Despite an ideal of international awareness, nursing education and professional organization have traditionally fostered social analysis within a rather local sphere of influence. However, there have always been renegade nurses whose idealism and global perspective have made them challenge the profession, adopt unusual career paths, or even leave nursing in favor of roles that more readily adapt to global awareness. Because the health care of the future demands an increasingly global-policy perspective, it is important to explore the relationship between the social structure of professional nursing and its ideological imperatives. This research employed ethnographic methods to study the experience of nurses involved in balancing what they perceived to be the discrepant perspectives of nursing and global awareness. The findings depict remarkable and inspiring careers within nursing and document the difficulties encountered by nurses in their attempts to apply global awareness to their professional nursing lives. Further, they generate practical implications for nursing education and professional organization to respond to the global trend toward primary health care policy and to prepare nurses to meet the inevitable challenges of the next millennium.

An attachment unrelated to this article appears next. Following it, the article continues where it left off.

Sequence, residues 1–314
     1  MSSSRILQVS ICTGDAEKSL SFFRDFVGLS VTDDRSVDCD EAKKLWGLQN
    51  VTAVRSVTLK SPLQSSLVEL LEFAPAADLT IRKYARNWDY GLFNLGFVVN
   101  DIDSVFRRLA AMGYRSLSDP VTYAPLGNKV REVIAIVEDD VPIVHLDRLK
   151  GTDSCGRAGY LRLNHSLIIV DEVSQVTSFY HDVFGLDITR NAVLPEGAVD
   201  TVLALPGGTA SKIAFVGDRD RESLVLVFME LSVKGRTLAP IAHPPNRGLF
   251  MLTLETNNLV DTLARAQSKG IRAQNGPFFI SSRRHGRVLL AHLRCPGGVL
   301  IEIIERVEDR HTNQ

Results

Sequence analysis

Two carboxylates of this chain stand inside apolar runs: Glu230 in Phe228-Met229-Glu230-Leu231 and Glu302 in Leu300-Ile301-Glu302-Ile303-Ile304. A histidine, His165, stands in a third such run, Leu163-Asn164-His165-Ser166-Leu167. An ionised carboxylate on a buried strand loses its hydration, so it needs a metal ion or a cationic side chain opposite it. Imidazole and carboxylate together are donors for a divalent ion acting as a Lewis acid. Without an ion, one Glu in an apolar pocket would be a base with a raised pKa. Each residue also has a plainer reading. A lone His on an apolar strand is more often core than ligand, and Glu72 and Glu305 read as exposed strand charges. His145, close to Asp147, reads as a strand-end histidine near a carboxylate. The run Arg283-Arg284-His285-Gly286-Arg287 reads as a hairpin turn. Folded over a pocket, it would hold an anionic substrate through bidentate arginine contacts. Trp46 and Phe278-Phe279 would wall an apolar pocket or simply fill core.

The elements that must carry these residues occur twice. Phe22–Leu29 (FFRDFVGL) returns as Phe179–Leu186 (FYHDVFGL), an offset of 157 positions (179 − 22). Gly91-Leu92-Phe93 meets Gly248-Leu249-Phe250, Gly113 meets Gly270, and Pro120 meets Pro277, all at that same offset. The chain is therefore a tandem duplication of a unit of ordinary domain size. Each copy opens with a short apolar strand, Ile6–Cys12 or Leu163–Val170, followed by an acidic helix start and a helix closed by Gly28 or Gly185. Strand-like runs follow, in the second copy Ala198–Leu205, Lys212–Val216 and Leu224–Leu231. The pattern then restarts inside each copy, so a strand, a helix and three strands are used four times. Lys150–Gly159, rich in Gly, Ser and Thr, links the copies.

Endotoxins are microbiological agents which ubiquitously exist in an indoor environment, and are believed to be causal agents for a number of diseases. This study investigated the indoor levels and determinants of endotoxins and their impact on asthma and allergy diseases among Swedish pre-school children. House dust samples from 390 homes of 198 case children with asthma and allergy and 202 healthy control children were collected in the Dampness Building and Health (DBH) study. House dust endotoxin levels in the child's bedroom and living rooms ranged from 479-188,000 EU/g dust and from 138-942,000 EU/g dust, respectively. Pet-keeping and agricultural activities were significantly associated with the higher endotoxin concentration levels in indoor dust. Endotoxins in theindoor environment did not associate to asthma and allergy diseases in the children. However, we found an association between endotoxins and the presence of disease symptoms in the sub-group of families without indoor pets.
At the University of British Columbia (UBC) School of Nursing, a model building challenge in the early 1970s launched 2 decades of model development and application projects. In this paper, selected creative applications will illustrate the utility of a nursing model beyond its explicit direction for clinical practice decision-making. The UBC Model for Nursing had been applied as a basis for curriculum development and teaching strategies in a baccalaureate programme as well as a foundation for nursing administrative decisions in a variety of clinical agencies.